Thursday, August 17, 2006

For better or for worse, this is the state of pop music today: one hour of "Fresh" on VH1 this morning...
(forgive me, I didn't bother to write down the song titles. You know 'em if you listen to the radio).

Evanescence - odd video. It seems like they're saying "piano + metal = English hunting lodge" And not to be mean, but I think Amy Lee might be wearing a corset for a reason.

OK GO - The band does a choreographed dance routine on treadmills. It's brilliant, it's funny, and it works. What's sad is that power-pop bands have to do crap like this in order to get played on VH-1.

Jessica Simpson, "A Public Affair" - The video where Jess calls in a whole bunch of favors, and Eva Longoria, Christina Applegate and Andy Dick co-star. Forgettable and fluffy, just like the song. And Christina Applegate looks hotter than Jessica.

Jewel - Apparently Jewel lives on Wisteria Lane now. I fast forwarded through this one.

Janet Jackson featuring Nelly. This video is ex-pensive. It had to cost $10 million, even with computer graphics... that Hype Williams likes his luxury. The whole thing looks like a fancy oil painting crossed with that movie the Cell with Jennifer Lopez. And... the song's kind of boring.

Snow Patrol - Chasing Cars. Man, I want to like this band, but this video is boring. The guy is either sitting or lying down in random places the entire video, and he looks so calm. This is rock? Show some energy, man.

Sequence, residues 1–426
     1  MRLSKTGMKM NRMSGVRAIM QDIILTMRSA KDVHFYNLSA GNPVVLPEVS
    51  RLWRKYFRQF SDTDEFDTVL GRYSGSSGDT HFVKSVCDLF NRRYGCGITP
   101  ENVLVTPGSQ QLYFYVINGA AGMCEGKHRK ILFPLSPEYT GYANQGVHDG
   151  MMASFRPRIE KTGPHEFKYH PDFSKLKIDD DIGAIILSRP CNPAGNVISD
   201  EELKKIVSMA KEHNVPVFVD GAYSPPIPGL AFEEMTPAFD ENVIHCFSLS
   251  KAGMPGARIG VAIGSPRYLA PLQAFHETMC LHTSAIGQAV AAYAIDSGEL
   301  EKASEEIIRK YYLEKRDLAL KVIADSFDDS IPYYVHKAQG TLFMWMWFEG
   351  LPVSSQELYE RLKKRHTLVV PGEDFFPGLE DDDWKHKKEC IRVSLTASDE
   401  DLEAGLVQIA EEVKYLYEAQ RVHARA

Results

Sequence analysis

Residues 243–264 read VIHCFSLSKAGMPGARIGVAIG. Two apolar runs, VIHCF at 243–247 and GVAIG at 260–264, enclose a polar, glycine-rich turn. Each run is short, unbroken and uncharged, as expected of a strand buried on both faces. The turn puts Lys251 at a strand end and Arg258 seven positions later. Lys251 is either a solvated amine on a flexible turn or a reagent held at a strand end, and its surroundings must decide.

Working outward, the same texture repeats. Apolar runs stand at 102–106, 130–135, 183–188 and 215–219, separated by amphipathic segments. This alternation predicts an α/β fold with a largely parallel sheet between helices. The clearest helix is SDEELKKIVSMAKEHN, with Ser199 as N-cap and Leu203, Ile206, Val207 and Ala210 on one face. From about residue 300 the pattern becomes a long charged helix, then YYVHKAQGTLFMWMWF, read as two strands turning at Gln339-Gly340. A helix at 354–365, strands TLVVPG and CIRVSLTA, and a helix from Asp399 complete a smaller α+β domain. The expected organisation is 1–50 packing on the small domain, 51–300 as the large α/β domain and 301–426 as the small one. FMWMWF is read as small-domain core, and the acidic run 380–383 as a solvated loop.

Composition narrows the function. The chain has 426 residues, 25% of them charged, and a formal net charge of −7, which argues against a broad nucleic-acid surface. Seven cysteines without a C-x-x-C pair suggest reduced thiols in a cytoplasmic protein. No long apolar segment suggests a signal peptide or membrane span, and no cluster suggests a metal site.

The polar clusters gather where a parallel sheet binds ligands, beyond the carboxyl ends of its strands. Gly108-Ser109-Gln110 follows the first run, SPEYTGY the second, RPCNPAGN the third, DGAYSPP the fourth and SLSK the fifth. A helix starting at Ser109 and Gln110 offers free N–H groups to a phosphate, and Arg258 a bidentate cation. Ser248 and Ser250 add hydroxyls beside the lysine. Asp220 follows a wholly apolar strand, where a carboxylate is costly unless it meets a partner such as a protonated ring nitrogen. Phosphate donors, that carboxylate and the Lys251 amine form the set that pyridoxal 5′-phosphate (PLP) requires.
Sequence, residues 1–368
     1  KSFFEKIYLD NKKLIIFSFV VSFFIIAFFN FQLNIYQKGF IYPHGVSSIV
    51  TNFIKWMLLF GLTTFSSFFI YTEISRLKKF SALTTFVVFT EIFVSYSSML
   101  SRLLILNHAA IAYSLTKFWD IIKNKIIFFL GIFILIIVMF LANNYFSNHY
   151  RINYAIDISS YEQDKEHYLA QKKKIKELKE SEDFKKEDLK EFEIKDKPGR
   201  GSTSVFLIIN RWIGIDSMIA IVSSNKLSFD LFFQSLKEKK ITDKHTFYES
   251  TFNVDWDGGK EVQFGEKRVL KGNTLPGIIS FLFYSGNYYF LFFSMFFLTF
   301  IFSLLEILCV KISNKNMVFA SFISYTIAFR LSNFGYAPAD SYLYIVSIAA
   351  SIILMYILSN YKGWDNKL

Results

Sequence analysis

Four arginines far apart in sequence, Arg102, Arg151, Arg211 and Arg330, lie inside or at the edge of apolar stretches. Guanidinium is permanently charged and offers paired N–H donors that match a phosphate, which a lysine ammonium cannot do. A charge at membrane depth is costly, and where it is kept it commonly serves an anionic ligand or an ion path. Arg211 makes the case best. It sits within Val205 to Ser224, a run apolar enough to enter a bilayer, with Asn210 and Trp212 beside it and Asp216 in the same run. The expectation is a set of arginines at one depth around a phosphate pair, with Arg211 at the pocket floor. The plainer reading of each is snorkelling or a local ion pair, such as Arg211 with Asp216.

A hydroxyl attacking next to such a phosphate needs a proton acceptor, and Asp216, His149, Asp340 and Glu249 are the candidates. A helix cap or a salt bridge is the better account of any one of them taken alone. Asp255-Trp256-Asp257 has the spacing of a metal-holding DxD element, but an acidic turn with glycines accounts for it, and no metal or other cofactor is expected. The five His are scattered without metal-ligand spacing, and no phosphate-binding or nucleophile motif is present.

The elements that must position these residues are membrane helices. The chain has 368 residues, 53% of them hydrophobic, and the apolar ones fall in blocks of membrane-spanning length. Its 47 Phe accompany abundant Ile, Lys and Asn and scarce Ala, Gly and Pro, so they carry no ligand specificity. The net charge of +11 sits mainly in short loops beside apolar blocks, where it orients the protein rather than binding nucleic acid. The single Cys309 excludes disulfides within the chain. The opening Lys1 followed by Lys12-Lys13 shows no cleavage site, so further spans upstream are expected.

Beyonce, featuring Jay-Z - The song's not that great; part of the video looks like Beyonce is ripping off Shakira, and the other part has Jay-Z rapping and looking bored while Beyonce humps his leg. Actually, scratch that: this video rules.

Gnarls Barkley - the "song of the summer." It's good, but this Rorshach blots come to life video isn't that great.

Five for Fighting - the 21st century's answer to Air Supply plays a piano that he drew with a crayon. So terrible it's good... ah, I can't back that up. It's still terrible.

Justin Timberlake - "SexyBack." The video is shot in Barcelona, and involves spies wearing sexy lingerie (hey now... lady spies. That was Lance Bass in People last month, not JT). Lots of sterile blues and whites, which match the freaky computer vibe of the song.

The Fray - I am so damn tired of the song, and the video sucks too. Oppressed kid in a prep school learns to deal with his problems through music. Go sit on it, Fray.

Nickelback - while the song, surprisingly, doesn't sound anything like "How You Remind Me," the video has a weird forest fire subplot, and I was bored. Lots of cool red lasers on the band, though.

Ah, at least it was better than whatever MTV is showing right now.

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Monday, November 21, 2005

Scott Stapp "has baseball in his blood." No, really. 

MLB.com is helping to promote the new solo album from Scott Stapp, the guy from Creed. If you buy the album through mlb.com, you get five full-length audio streams, and you can watch him singing two songs live in the mlb.com studios. MLB.com has studios? What the hell for? Aren't they a baseball website? And how can Scott Stapp "have baseball in his blood"? He's from Orlando, who do not have a major league team (although Orlando is near Tampa, and like the Tampa Bay Devil Rays, Scott Stapp sucks).
There's cross-promotion, and then there's stupidity. And I'm betting this one's stupidity.

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Saturday, November 19, 2005

INXS, mark 2